Ireland unit seeking secret IRA graves finds body

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DUBLIN (AP) — Forensic experts searching for the long-hidden graves of Irish Republican Army victims found the remains Wednesday of a body during a month-long search, the latest in a long line of grim discoveries that seek to resolve old grievances of the Northern Ireland conflict.

The Independent Commission for the Location of Victims' Remains said it could not confirm yet whether the remains found near a drainage ditch in boggy farmland northwest of Dublin near Oristown, County Meath, represents a member of its list of missing IRA abduction victims.

The expert group was established in 1999 as part of Northern Ireland's peace process to pinpoint the unmarked graves of up to 14 people kidnapped, tortured and secretly buried by the outlawed IRA from 1972 to 1981.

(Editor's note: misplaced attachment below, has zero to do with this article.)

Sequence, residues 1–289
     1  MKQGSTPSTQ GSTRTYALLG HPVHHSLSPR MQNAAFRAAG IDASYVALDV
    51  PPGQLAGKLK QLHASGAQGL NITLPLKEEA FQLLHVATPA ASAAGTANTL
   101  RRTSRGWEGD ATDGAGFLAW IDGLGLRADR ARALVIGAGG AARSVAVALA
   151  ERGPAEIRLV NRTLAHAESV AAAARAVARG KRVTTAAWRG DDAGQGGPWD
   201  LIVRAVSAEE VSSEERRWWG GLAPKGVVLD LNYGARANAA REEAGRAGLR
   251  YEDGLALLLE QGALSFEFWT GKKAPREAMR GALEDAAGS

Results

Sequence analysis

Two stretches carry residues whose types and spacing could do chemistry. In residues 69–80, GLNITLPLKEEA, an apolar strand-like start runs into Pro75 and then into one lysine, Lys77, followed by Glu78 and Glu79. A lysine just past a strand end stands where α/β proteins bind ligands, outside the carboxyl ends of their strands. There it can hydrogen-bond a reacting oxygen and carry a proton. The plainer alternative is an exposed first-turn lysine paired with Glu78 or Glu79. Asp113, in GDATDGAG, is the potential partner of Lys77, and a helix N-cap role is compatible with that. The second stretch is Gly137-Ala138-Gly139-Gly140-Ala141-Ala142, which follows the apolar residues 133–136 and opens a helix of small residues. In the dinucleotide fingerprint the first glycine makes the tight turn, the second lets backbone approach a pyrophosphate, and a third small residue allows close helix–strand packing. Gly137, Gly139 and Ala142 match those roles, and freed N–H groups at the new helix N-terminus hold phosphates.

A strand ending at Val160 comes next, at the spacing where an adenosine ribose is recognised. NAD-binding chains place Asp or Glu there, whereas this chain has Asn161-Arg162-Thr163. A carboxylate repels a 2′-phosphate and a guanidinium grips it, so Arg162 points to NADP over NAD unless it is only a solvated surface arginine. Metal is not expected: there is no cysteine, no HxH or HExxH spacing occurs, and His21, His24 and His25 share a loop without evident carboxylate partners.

Previous searches inspired by IRA tipoffs have found the confirmed remains of seven IRA victims. But seven others — six Catholic civilians and an undercover British Army officer — have yet to be found.

Wednesday's discovery occurred in a field that an IRA source has identified as the likely resting place of Brendan Megraw, a 23-year-old native of Catholic west Belfast who disappeared in 1978. The IRA later accused him of being a British agent, a claim rejected by his family.

The experts often have had to mount multiple searches, extending the geographic scope each time, in response to vague details provided by IRA veterans. Three previous searches in the Oristown area failed to find Megraw, most recently in 2010. The new search involving ground-penetrating radar began in late August.

Other searches are continuing elsewhere in rural Meath for the remains of three other IRA victims.

The IRA for decades denied killing any of the 14, but the underground organization admitted responsibility for killing most of them in 1999 as part of wider peacemaking initiatives.

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